The Windup Girl

I don’t normally review books that I haven’t finished, and I rarely review books that I didn’t like. I reckon people don’t need to hear about books they shouldn’t read; recommendations are much more fun. But I have to make an exception for Paolo Bacigalupi’s The Windup Girl. I almost never stop reading a book once I’ve started. […]

The Misogyny of Tyrion Lannister

Pretty much everyone loves Tyrion Lannister, at least at first. In a series full of ruthless trope subversions, Tyrion-as-hero (or at least as sympathetic underdog) is a plot that’s easy to get behind. He’s highly intelligent and well-read, he speaks bluntly about how things “really are,” he’s constantly making sarcastic comments, and, unlike most powerful […]

Daenerys Stormborn, Mother of Dragons

I am the blood of dragons. If they are monsters, so am I. Daenerys Targaryen’s story is one of the difficult lines between selfishness and selflessness, liberation and enslavement, kindness and cruelty. She is the “mother of dragons” and the “daughter of death”: feminine, caring and protective, but also destructive, willing to burn the world to […]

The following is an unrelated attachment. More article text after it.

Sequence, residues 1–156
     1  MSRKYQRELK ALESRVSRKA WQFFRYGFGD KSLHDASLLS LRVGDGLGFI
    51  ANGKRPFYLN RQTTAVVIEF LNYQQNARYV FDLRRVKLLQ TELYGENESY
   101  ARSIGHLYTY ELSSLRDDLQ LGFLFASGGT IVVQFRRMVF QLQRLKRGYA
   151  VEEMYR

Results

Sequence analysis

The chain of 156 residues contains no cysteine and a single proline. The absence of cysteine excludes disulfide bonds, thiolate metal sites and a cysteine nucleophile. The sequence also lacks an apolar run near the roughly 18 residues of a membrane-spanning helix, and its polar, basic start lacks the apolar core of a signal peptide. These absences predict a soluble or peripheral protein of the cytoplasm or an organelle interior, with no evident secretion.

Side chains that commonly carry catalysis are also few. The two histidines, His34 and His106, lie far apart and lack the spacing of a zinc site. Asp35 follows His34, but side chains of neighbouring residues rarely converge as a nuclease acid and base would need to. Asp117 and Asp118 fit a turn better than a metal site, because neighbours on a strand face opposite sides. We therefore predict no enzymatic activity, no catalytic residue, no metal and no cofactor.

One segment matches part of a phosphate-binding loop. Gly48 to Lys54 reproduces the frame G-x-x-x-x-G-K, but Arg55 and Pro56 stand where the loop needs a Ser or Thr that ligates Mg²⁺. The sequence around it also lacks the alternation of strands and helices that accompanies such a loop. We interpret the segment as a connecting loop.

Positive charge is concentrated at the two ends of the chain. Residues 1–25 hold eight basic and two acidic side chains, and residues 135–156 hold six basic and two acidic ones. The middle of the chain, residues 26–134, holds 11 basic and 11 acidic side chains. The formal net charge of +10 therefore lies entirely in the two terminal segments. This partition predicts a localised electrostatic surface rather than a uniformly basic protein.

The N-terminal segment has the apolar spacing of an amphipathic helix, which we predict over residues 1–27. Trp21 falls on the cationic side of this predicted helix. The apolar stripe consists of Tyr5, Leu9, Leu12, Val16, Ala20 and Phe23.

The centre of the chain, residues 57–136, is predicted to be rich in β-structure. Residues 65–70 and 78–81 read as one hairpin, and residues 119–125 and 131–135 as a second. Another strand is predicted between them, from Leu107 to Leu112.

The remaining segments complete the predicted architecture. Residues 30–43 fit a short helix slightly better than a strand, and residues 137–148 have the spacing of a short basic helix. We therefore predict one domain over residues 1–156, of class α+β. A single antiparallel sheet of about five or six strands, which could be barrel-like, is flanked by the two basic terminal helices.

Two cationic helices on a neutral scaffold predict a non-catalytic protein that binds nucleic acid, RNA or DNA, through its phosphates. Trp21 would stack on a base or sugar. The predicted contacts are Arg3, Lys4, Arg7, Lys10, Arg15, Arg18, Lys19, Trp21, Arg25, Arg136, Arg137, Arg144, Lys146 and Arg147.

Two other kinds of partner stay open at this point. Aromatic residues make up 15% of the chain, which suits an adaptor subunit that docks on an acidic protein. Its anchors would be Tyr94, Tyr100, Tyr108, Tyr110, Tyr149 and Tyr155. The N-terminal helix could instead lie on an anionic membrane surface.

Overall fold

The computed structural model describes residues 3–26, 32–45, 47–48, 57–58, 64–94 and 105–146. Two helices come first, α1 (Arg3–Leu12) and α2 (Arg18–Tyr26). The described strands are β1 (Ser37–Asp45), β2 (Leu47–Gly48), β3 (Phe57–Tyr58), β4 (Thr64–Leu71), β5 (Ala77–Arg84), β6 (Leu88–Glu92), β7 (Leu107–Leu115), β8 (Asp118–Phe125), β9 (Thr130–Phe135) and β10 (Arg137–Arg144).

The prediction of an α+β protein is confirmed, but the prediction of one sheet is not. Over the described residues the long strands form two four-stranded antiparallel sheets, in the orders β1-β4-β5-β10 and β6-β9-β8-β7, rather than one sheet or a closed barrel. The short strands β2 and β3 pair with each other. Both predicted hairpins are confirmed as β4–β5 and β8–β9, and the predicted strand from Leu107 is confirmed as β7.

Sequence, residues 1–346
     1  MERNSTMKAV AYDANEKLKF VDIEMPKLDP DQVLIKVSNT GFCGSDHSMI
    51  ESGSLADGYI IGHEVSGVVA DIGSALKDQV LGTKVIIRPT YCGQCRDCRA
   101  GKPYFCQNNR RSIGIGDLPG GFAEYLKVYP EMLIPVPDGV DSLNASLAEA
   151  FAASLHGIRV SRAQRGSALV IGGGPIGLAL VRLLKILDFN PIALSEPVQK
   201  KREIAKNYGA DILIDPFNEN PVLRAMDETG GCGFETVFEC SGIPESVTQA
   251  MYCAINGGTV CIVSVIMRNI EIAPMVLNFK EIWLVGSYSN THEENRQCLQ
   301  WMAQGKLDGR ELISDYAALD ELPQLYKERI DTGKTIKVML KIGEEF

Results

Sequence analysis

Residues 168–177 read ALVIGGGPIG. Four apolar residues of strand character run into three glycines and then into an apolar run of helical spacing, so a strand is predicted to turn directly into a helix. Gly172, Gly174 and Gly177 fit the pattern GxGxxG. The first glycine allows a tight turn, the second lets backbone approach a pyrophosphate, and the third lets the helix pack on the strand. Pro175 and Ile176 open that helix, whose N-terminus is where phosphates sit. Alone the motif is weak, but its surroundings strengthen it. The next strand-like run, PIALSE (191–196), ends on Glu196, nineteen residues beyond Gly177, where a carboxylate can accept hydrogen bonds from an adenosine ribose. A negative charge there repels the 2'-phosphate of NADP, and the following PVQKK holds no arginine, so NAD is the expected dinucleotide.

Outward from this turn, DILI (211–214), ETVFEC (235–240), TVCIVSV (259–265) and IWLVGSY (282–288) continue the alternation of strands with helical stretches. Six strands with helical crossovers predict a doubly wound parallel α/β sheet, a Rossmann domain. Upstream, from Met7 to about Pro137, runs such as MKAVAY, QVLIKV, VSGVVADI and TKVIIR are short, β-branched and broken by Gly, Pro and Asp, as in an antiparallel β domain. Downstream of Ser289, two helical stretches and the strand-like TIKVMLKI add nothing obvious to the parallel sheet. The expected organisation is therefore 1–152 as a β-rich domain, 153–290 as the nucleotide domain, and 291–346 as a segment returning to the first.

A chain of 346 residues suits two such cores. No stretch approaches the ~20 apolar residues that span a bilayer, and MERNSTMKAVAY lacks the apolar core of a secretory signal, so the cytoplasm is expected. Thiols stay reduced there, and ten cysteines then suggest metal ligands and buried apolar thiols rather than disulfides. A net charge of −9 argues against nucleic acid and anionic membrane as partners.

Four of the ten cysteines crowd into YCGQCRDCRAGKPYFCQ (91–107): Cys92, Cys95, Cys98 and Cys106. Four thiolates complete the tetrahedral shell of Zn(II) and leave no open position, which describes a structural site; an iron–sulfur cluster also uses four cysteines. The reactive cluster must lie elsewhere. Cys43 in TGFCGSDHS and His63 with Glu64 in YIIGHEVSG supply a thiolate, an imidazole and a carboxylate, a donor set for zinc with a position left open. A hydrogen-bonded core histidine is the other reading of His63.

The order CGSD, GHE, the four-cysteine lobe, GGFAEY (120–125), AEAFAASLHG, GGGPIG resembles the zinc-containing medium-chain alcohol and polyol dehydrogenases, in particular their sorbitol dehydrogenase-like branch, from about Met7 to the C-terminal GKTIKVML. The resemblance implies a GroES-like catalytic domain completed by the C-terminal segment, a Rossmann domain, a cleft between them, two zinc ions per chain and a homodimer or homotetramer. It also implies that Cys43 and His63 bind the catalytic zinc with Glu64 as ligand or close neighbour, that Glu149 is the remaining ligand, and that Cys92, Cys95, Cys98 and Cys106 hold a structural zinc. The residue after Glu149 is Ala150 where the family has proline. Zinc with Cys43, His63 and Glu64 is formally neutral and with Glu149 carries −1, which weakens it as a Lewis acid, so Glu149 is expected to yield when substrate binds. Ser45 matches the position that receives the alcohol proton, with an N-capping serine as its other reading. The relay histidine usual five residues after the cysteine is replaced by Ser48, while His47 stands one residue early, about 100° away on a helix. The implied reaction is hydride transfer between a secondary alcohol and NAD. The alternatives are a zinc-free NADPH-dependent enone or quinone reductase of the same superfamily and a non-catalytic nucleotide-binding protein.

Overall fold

Arya Stark: To Bend or to Break?

Arya Stark is one of the most popular characters in A Song of Ice and Fire. She’s certainly one of my favorites. Brave, quick-witted, fierce and determined, Arya survives in a world that kills many older and more experienced players using courage, adaptability, intelligence, and, of course, a whole lot of luck. But she’s also, […]

A Song of Ice and Fire: misogynistic or feminist?

Every now and again, new articles appear criticizing George RR Martin’s A Song of Ice and Fire for being misogynistic. Sometimes, these articles raise valid, thought-provoking points. More often, however, they criticize the series because its women are often powerless, because they are often abused, and because the world they live in does not value them […]